She had some recommendations, from a social skills training group to parent training group to discussion of meds with his dr. (low on our list) to .... here's the biggie ... school. Believe or no, kids with ADHD tend to do best in highly structured environments (kind of counterintuitive, no?), and she recognized that not only can that be hard to provide at home but also it can stress the parent/child relationship to have to provide that level of structure while homeschooling (yup). So, she recommended that we at least consider private or public school.
I went to the interview feeling that I should go with an open mind, not closed to anything and yet not taking anything as gospel either. I still feel that way. I am not ready to make any changes without a LOT of prayer and discussion with Tim, but I also realize that I shouldn't reject the idea of change out of hand.
A verse from Proverbs keeps coming back to me in these days, about trusting in the Lord with all my might, and not leaning on my own understanding, but acknowledging Him in all our ways so He can direct our paths.

Tuesday, October 9, 2007

Nothing wrong upstairs

That Caroline. She's a toddler with Big Plans, as was obvious today. Here's her latest: I was getting ready to go tutor for an hour, and Tim and I had a brief conversation about my sister, Kristen, picking up Ian from his taekwondo class to bring him home (we only have one car). Next thing we know, Caroline has Tim by the hand: "Daddy, I want you take out my carseat." Not quite following her but feeling obliging, Tim removed her carseat from my van before I pulled out of the driveway. Now, background: yesterday Kristen came to watch the kids while I was working in the afternoon (my regular tutoring time). Caroline, as usual, clamored to go for a ride in Aunt Kristen's car, but alas, her carseat was with me in the van and therefore she was denied the coveted ride. So today, when Kristen showed up with Ian, guess who was waiting for her, fully equipped with carseat in hand? You got it! They decided to reward her resourcefulness and Caroline got to have her very own playdate at Aunt Kristen's house for nearly two hours! Another friend who was coming for dinner picked her up and brought her home. Quite the independent little socialite, at 22 mos. already! We may need to get her a Daytimer to keep all these plans organized soon. :-)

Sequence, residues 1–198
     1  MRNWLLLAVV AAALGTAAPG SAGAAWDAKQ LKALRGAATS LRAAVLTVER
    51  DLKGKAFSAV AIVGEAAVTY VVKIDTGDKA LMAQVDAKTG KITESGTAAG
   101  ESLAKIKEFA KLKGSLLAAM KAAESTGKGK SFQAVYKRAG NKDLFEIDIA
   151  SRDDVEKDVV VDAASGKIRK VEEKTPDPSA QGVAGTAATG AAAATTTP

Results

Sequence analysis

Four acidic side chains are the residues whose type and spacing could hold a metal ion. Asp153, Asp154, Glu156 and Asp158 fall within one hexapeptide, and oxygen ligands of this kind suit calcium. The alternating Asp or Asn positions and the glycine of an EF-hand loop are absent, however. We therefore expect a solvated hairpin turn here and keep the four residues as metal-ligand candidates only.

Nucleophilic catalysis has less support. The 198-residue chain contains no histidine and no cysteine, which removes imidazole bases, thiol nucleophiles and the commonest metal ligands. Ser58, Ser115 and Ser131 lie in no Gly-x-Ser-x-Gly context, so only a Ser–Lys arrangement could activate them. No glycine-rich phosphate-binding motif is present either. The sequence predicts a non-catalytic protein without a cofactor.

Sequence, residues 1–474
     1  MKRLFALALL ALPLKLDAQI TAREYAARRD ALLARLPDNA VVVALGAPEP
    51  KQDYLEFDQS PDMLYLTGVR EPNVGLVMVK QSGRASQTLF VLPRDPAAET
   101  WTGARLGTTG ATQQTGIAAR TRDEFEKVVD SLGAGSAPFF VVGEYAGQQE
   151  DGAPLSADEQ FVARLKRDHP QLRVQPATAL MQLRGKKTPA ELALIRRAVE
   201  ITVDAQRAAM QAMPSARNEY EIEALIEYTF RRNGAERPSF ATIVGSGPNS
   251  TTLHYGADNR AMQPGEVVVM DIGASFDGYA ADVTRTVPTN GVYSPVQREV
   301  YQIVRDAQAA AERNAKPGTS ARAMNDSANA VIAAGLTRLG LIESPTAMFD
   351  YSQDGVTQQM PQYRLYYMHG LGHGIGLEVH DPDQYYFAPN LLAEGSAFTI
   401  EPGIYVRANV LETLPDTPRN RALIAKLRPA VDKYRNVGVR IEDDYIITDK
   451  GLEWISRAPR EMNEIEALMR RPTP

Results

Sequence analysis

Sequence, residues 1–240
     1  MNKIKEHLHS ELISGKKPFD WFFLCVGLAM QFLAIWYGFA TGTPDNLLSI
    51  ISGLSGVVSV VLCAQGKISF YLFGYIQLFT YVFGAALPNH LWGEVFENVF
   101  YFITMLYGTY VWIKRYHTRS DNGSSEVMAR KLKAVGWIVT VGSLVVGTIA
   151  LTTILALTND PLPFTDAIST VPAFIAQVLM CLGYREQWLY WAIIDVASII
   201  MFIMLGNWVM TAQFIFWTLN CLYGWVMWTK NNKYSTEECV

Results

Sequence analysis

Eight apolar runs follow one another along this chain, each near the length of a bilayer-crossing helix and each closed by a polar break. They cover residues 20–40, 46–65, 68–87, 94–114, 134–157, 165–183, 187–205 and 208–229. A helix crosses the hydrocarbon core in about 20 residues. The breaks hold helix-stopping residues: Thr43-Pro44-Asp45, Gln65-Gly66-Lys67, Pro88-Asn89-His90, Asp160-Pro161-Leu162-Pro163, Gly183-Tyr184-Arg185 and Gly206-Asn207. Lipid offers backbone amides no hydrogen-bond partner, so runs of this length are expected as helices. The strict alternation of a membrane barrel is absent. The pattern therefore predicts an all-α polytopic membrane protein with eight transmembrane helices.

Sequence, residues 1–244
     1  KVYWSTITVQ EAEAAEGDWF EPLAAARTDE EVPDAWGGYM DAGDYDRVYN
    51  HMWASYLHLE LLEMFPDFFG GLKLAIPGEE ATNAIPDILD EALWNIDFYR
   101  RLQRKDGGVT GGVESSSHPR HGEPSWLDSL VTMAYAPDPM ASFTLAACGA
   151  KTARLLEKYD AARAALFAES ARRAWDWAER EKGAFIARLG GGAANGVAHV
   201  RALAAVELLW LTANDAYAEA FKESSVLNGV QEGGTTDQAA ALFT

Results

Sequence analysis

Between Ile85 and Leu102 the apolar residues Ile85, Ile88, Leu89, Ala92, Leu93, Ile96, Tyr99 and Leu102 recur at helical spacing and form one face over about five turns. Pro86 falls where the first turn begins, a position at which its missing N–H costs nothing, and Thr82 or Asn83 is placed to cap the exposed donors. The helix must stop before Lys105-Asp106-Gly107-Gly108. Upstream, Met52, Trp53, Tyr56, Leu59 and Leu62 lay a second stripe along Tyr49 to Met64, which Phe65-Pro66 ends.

Friday, October 5, 2007

Freeze the Moment

I just passed the sliding glass door that opens onto our back patio and then the yard, and witnessed what appeared to be an idyllic moment ... all three kids, digging away in the sandbox under our huge oak tree. Now, granted, had I been up close and able to hear the conversation, there's a possibility the moment wouldn't seem so idyllic, but I choose optimism in this case -- and distance. Ignorance is bliss, right? It was one of those moments I wished I could have stuffed in a bottle and preserved, just so, for playback when they're teenagers, or off to college, or just, you know, being not-so-idyllic. :-)

Yesterday was a red-letter day for Ian -- he earned his first stripe on his tae kwon do belt, for doing some particularly challenging activity in class. For the belts, and the stripes, the teacher (a woman, interestingly enough) emphasizes character development just as much as athletic skills, which I'm all for. He was *very* excited, which should provide some momentum for moving forward. Yea! Incidentally, while watching him outside the door of the class, I had the interesting experience of meeting the mayor. Yup, the mayor of Austin -- a very nice man named Will Wynn whose daughter, unbeknownst to me, is one of Ian's classmates (and this is a pretty low-profile place, mind you, so I didn't exactly expect to find that the dad I was chatting with was the mayor!). He told me that she wants to be a Jedi knight and if she gets all her homework done at night, they battle with light sabers. OK, I'll vote you for next time around! :-) I happened to know that he was one of the people whom Al Gore trained to give his very cool, pardon the pun, Inconvenient Truth slideshow, so I asked him about it and we had a chat about how fascinating that whole subject is. He goes around to various companies and organizations in Austin giving the show during lunch hour. He also informed me, with good humor, that the newspaper is coming out with a story about how he's doing this lecture instead of doing his job as mayor (which I doubt) ... I guess being in politics gives you pretty thick skin.